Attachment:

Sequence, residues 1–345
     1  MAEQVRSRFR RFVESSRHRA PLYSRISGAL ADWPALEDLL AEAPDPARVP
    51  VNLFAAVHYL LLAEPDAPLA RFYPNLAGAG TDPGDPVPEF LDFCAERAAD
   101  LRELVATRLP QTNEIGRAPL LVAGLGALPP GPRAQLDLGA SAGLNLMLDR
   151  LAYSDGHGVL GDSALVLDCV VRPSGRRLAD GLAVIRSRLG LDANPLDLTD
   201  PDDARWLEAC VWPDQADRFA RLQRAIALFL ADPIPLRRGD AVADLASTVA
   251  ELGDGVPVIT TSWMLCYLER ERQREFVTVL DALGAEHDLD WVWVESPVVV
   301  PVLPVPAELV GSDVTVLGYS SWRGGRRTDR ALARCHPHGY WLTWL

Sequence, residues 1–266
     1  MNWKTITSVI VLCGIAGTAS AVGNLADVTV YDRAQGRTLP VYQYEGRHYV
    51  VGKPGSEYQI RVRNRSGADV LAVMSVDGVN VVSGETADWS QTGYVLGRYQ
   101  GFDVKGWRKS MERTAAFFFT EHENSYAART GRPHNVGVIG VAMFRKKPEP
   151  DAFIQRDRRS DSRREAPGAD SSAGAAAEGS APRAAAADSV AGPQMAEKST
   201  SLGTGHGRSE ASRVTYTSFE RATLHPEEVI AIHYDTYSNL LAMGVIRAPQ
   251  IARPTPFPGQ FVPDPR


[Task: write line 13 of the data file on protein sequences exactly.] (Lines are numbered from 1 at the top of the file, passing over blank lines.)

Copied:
   151  DAFIQRDRRS DSRREAPGAD SSAGAAAEGS APRAAAADSV AGPQMAEKST